In poor countries, livestock ownership can improve nutritional outcomes but also raise disease risks
According to a recent systematic review, the relationship between livestock keeping and the health of children under five and women of reproductive age in low- and lower-middle-income countries is complex. While livestock production can positively influence nutritional status through increased consumption of animal-source foods and other indirect pathways, it can also increase the risk of disease transmission.
The study, which analyzed data from 12 electronic databases and gray literature sources published from 1991 to the end of 2020, found that nearly two out of every five studies reviewed showed that livestock production is associated with improved height-for-age Z scores and weight-for-length/height Z scores, while close to a third showed improved weight-for-age Z scores. In addition, livestock production showed a positive or neutral relationship with women's nutritional status in almost all the reported references.
The paper is published in the journal Nutrition Research Reviews.
"Livestock production, if accompanied by consumption of livestock-derived foods that are rich in essential nutrients, can improve the nutritional status of children and women in low and middle countries," says Taddese Zerfu, the primary author of the paper and Marie Skłodowska-Curie Actions Research Fellow at the Global Academy of Agriculture and Food Systems, University of Edinburgh, and a visiting researcher at the International Livestock Research Institute (ILRI).
On the other hand, four-fifths of the references reporting on infection and morbidity outcomes indicated that livestock keeping is linked to a wide range of infectious disease outcomes, which are spread primarily through water, food, and insects.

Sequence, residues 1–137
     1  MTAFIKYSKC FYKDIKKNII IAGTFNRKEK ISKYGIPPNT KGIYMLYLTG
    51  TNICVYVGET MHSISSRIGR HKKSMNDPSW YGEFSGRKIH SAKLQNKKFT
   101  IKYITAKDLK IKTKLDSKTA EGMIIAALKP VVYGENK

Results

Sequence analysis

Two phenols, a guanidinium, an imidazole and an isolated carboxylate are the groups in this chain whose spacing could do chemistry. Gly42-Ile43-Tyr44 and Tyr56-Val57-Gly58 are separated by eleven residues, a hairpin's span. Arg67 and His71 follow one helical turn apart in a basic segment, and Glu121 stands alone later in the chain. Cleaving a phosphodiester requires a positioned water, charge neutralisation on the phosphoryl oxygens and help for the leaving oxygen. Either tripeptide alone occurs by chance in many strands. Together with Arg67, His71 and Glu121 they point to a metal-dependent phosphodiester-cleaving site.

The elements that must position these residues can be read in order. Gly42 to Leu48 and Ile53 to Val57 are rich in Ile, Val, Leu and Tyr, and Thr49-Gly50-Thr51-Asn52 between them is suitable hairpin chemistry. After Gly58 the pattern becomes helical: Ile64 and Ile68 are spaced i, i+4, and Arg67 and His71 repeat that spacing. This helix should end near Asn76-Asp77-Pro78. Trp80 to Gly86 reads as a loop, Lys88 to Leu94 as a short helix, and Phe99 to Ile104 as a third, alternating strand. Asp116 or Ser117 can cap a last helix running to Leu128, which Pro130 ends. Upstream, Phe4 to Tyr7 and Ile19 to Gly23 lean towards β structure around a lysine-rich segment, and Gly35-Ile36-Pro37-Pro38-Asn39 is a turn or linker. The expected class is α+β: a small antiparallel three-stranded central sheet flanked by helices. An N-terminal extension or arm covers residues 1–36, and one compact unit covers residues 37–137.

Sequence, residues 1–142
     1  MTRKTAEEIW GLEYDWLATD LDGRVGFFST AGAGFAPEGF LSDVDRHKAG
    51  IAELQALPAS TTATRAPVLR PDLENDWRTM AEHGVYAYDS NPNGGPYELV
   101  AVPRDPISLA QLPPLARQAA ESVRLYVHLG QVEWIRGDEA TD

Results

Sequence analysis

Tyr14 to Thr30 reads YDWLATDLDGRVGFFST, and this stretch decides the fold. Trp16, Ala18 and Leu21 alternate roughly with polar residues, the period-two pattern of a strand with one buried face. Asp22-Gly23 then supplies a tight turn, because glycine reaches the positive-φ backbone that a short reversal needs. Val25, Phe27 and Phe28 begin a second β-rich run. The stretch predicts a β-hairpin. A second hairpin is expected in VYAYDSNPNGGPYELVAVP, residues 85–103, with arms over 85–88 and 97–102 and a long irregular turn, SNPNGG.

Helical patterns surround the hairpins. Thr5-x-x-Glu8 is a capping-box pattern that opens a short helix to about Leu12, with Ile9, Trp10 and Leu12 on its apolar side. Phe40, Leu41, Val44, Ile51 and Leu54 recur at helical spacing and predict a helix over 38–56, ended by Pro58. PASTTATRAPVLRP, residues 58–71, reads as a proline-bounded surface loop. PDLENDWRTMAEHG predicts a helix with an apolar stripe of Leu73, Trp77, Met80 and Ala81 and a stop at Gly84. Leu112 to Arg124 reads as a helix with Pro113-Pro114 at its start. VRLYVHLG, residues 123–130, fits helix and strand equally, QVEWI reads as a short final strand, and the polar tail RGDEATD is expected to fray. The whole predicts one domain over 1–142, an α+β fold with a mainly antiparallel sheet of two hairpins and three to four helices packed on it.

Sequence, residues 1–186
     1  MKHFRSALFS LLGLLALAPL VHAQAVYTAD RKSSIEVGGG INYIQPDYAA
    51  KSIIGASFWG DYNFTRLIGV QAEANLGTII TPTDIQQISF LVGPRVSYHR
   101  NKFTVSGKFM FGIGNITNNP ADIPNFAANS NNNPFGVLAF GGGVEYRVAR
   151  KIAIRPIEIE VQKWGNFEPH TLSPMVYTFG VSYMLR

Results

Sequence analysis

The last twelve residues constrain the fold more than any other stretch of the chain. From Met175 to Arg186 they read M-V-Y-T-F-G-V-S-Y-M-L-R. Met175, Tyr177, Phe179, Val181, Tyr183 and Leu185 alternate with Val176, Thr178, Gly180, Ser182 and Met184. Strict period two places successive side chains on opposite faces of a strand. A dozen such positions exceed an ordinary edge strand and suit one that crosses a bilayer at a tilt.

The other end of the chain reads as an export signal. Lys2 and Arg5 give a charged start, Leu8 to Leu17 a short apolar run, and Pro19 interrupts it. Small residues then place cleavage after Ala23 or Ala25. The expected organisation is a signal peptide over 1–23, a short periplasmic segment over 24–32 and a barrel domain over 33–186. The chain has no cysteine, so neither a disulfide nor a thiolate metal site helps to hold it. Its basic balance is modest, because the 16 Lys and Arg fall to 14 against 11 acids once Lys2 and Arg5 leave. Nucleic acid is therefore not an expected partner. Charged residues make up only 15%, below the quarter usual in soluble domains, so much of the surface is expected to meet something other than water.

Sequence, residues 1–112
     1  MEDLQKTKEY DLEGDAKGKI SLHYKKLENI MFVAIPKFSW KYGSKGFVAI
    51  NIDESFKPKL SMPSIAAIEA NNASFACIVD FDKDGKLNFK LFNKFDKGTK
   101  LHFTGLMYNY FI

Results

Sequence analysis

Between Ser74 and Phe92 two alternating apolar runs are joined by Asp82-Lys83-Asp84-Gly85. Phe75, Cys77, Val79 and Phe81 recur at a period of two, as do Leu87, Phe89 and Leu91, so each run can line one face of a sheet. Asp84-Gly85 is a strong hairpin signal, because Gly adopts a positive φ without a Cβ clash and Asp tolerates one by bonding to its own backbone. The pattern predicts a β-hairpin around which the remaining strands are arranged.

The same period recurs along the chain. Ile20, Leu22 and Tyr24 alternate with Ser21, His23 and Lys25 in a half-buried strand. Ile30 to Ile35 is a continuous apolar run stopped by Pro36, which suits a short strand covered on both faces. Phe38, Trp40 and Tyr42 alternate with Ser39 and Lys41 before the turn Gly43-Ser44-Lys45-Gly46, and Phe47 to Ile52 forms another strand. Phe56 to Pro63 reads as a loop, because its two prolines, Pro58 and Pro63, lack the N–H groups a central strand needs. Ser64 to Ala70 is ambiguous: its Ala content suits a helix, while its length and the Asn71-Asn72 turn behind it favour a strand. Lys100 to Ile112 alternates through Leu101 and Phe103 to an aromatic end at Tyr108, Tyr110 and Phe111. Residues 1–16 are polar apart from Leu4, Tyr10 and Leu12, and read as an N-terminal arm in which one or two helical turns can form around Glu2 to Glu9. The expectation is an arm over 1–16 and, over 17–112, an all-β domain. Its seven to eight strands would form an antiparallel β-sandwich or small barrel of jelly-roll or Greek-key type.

"These findings strengthen the case for a 'one health' approach to promotion of livestock ownership, in which unintended health consequences for women and young children are prevented by appropriate household sanitation practices and veterinary care," says Geraldine Mcneill, an author of the report and Visiting Professor of Global Nutrition and Health at the Royal (Dick) School of Veterinary Studies, Global Academy of Agriculture and Food Systems.
In conclusion, the study found that in many low- and lower-middle-income countries, livestock production is associated with better nutritional outcomes but also a higher risk of disease transmission or morbidity among women and children. It is important for policymakers and public health officials to consider both the benefits and risks of livestock production in their efforts to improve the health and nutrition of these populations.
More information: Taddese Alemu Zerfu et al, Associations between livestock keeping, morbidity and nutritional status of children and women in low- and middle-income countries: a systematic review, Nutrition Research Reviews (2022). DOI: 10.1017/S0954422422000233